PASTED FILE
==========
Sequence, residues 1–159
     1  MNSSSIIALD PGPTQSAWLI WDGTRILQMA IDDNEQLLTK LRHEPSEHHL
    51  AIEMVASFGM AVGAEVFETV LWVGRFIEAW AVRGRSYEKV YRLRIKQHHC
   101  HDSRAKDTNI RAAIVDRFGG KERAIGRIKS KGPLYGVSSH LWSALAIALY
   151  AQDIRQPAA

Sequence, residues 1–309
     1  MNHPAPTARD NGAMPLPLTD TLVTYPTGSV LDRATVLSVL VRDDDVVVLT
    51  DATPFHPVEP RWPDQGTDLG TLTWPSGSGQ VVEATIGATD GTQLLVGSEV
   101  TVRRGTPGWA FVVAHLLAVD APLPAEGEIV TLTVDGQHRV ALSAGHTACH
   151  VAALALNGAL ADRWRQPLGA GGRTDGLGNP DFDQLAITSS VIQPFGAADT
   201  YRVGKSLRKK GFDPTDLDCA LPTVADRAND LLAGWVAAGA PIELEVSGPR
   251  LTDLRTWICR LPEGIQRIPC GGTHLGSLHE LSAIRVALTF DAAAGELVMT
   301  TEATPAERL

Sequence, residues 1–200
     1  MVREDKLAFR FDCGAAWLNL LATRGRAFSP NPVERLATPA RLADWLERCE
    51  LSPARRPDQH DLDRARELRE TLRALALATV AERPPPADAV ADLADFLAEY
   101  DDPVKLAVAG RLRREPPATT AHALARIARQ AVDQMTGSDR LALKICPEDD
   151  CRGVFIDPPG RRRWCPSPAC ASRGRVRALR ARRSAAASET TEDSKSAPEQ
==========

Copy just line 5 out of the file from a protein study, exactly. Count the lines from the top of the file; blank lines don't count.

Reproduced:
   151  AQDIRQPAA